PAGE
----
Large-scale portraits by Chuck Close to be on exhibit at museum

The Housatonic Museum of Art will present the exhibit “Chuck Close and his Turnaround Arts Kids” from Nov. 7 to Dec. 15 in the Burt Chernow Galleries, 900 Lafayette Blvd., Bridgeport.

An opening reception will take place Thursday, November 7 from 7:30–8:30 p.m. The gallery, open seven days a week, is free to the public. It is located on the Housatonic Community College campus.

The exhibit will feature five large-scale archival watercolor pigment prints provided by artist Chuck Close, whose monumental portraits explore the intersection of photography and painting.

To create his photo-based work, Close places a grid on the photo and on the canvas, and systematically builds his images by applying small strokes of paint in multiple colors.

Mentored students in Bridgeport

Close, who works out of New York City, recently mentored 34 students in the sixth through eighth grades at Bridgeport's Roosevelt School, one of eight schools in the nation to participate in President Barack Obama’s Turnaround Arts initiative. The program aims to improve low-performing schools by increasing student "engagement" through the arts.

The public-private partnership was developed in cooperation with the U.S. Department of Education and the White House Domestic Policy Council. Close was one of the eight high-profile creative talents who volunteered for the program, working closely with the selected school students, faculty and surrounding communities.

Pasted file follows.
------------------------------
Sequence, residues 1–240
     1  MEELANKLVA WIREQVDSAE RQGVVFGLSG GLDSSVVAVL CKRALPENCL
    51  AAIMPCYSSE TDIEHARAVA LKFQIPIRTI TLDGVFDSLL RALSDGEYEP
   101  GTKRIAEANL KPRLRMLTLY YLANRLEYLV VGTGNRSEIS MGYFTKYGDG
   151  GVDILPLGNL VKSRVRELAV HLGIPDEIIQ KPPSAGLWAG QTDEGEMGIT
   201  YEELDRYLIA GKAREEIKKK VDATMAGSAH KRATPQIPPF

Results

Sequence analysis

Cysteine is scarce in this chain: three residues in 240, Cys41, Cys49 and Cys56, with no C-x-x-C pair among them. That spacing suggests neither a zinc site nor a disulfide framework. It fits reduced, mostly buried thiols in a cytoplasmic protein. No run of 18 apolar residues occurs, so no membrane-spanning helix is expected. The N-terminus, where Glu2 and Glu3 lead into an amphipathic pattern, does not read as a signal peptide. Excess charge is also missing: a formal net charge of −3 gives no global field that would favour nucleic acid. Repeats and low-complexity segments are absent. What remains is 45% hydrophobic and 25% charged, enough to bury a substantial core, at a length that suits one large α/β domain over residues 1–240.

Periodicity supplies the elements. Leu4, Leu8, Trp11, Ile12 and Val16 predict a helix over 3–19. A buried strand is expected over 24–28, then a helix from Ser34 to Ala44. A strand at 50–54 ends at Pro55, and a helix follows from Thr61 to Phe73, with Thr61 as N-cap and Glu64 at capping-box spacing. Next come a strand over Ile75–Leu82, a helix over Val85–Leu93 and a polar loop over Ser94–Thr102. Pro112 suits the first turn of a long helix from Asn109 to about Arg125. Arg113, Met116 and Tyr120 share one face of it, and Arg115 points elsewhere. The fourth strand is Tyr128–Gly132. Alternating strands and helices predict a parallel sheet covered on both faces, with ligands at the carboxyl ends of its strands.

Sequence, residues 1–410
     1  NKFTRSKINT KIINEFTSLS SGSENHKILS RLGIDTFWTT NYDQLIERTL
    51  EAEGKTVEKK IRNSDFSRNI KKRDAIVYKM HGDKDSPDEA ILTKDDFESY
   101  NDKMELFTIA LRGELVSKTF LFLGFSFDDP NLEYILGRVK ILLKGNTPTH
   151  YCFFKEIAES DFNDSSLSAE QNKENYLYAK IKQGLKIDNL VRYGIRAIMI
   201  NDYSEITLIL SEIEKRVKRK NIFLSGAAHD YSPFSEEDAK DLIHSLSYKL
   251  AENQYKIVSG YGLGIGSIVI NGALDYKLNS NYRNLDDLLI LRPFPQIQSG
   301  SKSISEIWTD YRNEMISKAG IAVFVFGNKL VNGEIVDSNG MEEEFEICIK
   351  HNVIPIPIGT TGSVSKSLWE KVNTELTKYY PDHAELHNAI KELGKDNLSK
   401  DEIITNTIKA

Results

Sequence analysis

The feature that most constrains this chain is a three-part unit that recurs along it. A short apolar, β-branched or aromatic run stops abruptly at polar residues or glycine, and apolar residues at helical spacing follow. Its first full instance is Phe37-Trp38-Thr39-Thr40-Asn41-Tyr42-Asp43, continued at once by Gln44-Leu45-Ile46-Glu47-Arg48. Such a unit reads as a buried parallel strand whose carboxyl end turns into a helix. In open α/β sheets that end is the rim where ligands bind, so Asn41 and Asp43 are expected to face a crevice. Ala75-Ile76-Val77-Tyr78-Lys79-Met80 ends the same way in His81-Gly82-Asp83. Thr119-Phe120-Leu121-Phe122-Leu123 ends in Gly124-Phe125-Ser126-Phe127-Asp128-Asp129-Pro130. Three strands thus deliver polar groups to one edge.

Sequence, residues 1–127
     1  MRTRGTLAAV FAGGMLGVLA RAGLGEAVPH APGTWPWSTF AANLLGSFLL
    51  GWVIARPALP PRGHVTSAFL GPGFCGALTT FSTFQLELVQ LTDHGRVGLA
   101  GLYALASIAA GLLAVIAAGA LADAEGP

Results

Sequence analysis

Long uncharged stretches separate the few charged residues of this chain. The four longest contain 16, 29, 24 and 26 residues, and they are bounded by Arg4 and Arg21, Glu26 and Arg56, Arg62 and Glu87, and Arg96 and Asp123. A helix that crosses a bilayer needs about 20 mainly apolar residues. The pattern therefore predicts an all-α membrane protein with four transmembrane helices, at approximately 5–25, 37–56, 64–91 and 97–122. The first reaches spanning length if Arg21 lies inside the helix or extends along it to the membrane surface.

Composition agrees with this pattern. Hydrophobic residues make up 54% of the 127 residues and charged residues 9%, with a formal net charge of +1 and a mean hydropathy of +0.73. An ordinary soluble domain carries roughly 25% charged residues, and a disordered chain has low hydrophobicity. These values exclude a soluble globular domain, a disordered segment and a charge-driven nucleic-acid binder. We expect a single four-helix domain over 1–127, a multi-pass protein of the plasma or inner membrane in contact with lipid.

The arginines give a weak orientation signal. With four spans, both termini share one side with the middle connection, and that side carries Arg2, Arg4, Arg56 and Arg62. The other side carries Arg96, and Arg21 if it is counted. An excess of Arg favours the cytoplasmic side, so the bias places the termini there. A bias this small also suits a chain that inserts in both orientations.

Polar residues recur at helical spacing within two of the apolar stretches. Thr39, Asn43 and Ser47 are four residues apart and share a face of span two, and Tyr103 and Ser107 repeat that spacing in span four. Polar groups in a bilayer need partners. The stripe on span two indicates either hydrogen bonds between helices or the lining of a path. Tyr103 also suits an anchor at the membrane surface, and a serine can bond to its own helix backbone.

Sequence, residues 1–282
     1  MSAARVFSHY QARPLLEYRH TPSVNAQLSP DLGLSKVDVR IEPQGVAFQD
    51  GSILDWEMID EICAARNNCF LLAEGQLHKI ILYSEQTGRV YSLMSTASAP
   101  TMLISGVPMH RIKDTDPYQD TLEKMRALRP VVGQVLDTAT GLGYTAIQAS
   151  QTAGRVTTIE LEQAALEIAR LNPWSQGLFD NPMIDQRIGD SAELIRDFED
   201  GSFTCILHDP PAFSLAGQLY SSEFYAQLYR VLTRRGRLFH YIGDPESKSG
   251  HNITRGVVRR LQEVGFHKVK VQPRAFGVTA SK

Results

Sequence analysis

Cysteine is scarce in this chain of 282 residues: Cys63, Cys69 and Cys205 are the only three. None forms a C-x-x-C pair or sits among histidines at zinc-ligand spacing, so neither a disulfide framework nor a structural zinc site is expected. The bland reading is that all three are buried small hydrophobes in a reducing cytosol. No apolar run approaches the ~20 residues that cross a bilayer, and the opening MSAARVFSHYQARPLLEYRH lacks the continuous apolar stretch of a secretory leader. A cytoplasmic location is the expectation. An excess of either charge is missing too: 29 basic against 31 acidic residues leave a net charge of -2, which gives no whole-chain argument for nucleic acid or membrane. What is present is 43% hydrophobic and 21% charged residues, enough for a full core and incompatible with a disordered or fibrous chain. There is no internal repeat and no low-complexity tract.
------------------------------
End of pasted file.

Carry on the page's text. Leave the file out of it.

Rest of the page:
Studies have shown that an arts-rich education, especially for low socio-economic status students, can help youngsters in academic achievement, completion of high school and college, and becoming contributing members of their community.

Yet recent federal surveys indicate that students from low-income areas are being disproportionately short-changed on arts education opportunities in their schools.

Known for his large-scale portraits

Charles Thomas "Chuck" Close, born in 1940 in Washington state, achieved early fame as a painter through his large-scale painted portraits, mostly of family and artist friends. Throughout his career, Close has used drawing, painting, printmaking, handmade paper collage, photography and Jacquard tapestries for portraiture.

Although a catastrophic spinal artery collapse in 1988 left him severely paralyzed and he now relies on a wheelchair, Close has continued to work with a brush strapped to his wrist.

His work has been the subject of more than 150 solo exhibitions and is in the collections of most of the great international museums of contemporary art, including the Museum of Modern Art in New York.

For information and gallery hours on the Close exhibit, go to